Andy Coulson and the missing point

Right. Well, I’ve left it a week to write about the Andy Coulson episode. Deliberately this time. Not because I couldn’t be bothered or was asleep or down the chippy. I left it because I was hoping someone with a bigger reach than this blog would make the point I am going to make.

However, if you’ve been on holiday, asleep, or down the chippy, here’s a review. On the 1st of September, the New York Times published new allegations that Andy Coulson, former editor of the News of the World and now Director of PR for David Cameron, had ‘actively encouraged’ the use of illegal phone-tapping to get stories.

These stories follow on from the first allegations from 2006 where one reporter was jailed and Coulson denied all knowledge of any illegal activity.

When the NY Times story broke in Britain, it initially got very little coverage. The only newspaper to report it was the Guardian. The TV news channels didn’t bother with it at all for 24 hours. This was obviously a story in itself. Coulson’s influence over the media being emphasised in this story about BBC Director General taking Coulson’s briefing only the day after.

So Coulson, a close adviser to the Prime Minister and a man with genuine power, stands accused of condoning illegal acts and then conspiring to cover up his involvement. That’s bad but it’s not the issue I have a problem with.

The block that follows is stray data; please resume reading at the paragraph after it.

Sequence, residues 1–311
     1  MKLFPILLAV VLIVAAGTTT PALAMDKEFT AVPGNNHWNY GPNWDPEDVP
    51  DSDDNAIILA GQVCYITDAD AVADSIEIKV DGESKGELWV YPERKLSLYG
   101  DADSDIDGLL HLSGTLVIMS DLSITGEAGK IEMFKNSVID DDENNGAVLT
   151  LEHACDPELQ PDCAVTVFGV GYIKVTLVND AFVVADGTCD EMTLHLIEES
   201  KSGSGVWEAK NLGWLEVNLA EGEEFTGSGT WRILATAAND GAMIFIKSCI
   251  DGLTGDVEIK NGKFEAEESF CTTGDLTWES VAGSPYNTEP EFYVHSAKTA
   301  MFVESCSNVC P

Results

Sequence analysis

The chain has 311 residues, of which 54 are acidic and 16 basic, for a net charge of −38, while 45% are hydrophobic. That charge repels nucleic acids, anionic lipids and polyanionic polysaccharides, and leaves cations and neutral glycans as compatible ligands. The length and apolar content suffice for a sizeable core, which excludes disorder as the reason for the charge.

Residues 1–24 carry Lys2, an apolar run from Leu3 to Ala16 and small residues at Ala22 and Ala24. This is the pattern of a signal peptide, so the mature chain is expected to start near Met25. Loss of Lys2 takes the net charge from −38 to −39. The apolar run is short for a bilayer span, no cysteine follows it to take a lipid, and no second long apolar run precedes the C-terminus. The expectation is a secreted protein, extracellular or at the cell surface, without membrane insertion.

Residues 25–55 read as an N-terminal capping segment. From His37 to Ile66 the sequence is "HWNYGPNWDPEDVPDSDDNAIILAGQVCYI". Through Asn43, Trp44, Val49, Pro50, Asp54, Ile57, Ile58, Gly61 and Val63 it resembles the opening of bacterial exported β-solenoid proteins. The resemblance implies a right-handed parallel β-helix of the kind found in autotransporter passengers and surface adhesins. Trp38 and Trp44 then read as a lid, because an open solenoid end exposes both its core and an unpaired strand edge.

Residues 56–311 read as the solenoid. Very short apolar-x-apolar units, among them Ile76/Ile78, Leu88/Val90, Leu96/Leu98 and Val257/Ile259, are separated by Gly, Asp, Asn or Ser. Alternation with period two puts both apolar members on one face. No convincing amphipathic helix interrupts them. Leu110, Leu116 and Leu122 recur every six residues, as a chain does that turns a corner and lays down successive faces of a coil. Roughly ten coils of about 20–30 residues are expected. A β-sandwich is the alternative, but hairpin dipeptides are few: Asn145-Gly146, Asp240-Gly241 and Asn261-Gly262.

The Metropolitan Police initially investigated the allegations which led to the arrest of one reporter and one private investigator, but seem to have ignored/completely missed/deliberately hidden the scale of the evidence against the News of the World management, leading to calls for an investigation into Scotland Yard’s handling of the original investigation and their potential handling of these new allegations.

That’s all very serious stuff. The monitoring of our Police is vital. Quis custodiet ipsos custodes and all that. But it’s still not the issue that I wanted to mention.

No, the issue I wanted to mention and that I think hasn’t had nearly as much attention as it should have, is the following. David Cameron, this country’s Prime Minister, knew that Coulson had resigned from his job as Editor over the original investigation before he hired him as Director of PR.

Cameron was surely aware that this would come back into the public eye at some point. If he didn’t, I’m certain that somebody in his inner circle (not least Coulson himself) could have mentioned it to the Prime Minister. In fact, when previously asked about Coulson’s past, Cameron stated

That is why Andy Coulson resigned as editor of the News of the World two-and-a-half years ago. Of course I knew about that resignation before offering him the job. But I believe in giving people a second chance.

In saying that he believes in second chances, Cameron suggests that he feels Coulson had done something that required a second chance. If it now turns out that Cameron has hired someone who encouraged illegal activity and therefore broke the law himself, we must question the Prime Minister’s judgement. We must worry about the other decisions and choices he makes . On health, finance, defence, and a myriad other topics. We must fear for the safety of our nation whilst Cameron is Prime Minister. That was the issue I wanted to draw attention to.



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